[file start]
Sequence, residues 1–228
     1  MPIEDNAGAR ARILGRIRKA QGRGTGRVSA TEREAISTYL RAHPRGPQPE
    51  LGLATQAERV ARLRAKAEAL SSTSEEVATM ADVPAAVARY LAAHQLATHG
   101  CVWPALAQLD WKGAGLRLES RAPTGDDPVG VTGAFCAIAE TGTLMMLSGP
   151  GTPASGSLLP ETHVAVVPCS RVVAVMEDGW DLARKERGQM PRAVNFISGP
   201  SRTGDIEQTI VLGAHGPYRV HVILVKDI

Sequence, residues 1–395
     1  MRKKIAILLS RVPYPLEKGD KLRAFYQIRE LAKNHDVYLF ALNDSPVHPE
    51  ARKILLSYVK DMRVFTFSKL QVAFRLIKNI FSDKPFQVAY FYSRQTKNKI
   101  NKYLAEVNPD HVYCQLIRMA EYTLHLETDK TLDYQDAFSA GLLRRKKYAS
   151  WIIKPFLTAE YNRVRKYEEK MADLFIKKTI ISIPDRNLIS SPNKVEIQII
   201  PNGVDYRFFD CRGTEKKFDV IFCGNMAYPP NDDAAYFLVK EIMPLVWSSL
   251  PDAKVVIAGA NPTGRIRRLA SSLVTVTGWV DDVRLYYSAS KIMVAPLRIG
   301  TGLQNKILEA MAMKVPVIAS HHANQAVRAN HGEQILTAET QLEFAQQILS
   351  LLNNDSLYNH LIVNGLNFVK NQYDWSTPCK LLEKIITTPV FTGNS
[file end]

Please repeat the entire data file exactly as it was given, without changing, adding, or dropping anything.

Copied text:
Sequence, residues 1–228
     1  MPIEDNAGAR ARILGRIRKA QGRGTGRVSA TEREAISTYL RAHPRGPQPE
    51  LGLATQAERV ARLRAKAEAL SSTSEEVATM ADVPAAVARY LAAHQLATHG
   101  CVWPALAQLD WKGAGLRLES RAPTGDDPVG VTGAFCAIAE TGTLMMLSGP
   151  GTPASGSLLP ETHVAVVPCS RVVAVMEDGW DLARKERGQM PRAVNFISGP
   201  SRTGDIEQTI VLGAHGPYRV HVILVKDI

Sequence, residues 1–395
     1  MRKKIAILLS RVPYPLEKGD KLRAFYQIRE LAKNHDVYLF ALNDSPVHPE
    51  ARKILLSYVK DMRVFTFSKL QVAFRLIKNI FSDKPFQVAY FYSRQTKNKI
   101  NKYLAEVNPD HVYCQLIRMA EYTLHLETDK TLDYQDAFSA GLLRRKKYAS
   151  WIIKPFLTAE YNRVRKYEEK MADLFIKKTI ISIPDRNLIS SPNKVEIQII
   201  PNGVDYRFFD CRGTEKKFDV IFCGNMAYPP NDDAAYFLVK EIMPLVWSSL
   251  PDAKVVIAGA NPTGRIRRLA SSLVTVTGWV DDVRLYYSAS KIMVAPLRIG
   301  TGLQNKILEA MAMKVPVIAS HHANQAVRAN HGEQILTAET QLEFAQQILS
   351  LLNNDSLYNH LIVNGLNFVK NQYDWSTPCK LLEKIITTPV FTGNS